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The changes in the practice effected by the Patents, Designs, and Trade Marks Act, 1883 (46 & 47 Vict. c. 57), which came into operation on the 1st of January, 1884, seem to have caused a considerable increase annually in the number of applications for patents. The number of patents granted annually may probably be taken at not less than 10,000. Thousands also of patents granted under the old procedure are still in force. Having regard, then, to the enormous number of transactions which must necessarily have taken place, even in the last few years, in relation to patents, both before and after the grants, it seems a singular circumstance that no work has hitherto been published dealing exclusively with such matters. It is hoped that the following pages will, partly at least, supply a want that has, no doubt, been felt for many years. The writer's object has been to furnish to those who are concerned with patents, some precedents in conveyancing in relation to the latter, which will be found of a practical character.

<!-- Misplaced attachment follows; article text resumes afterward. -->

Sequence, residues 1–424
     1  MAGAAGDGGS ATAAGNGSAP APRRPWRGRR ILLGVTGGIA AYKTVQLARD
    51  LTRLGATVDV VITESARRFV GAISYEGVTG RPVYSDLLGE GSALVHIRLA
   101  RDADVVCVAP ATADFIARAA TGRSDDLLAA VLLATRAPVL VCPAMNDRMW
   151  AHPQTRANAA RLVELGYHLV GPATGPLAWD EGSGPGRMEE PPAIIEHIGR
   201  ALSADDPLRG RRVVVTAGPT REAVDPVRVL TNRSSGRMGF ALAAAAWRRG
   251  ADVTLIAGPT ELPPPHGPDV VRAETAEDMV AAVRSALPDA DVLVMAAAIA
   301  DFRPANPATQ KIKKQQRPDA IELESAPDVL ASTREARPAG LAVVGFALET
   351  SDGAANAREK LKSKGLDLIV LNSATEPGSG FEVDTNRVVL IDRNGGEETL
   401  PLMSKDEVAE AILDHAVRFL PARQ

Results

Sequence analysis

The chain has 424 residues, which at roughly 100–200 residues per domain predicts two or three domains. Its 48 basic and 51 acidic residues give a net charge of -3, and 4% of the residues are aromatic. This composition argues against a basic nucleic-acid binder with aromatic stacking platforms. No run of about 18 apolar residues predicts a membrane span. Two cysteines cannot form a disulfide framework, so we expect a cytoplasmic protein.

The precedents are intended to be of considerable variety. Provisions are made for loans to inventors, repayable either absolutely, or only out of profits; or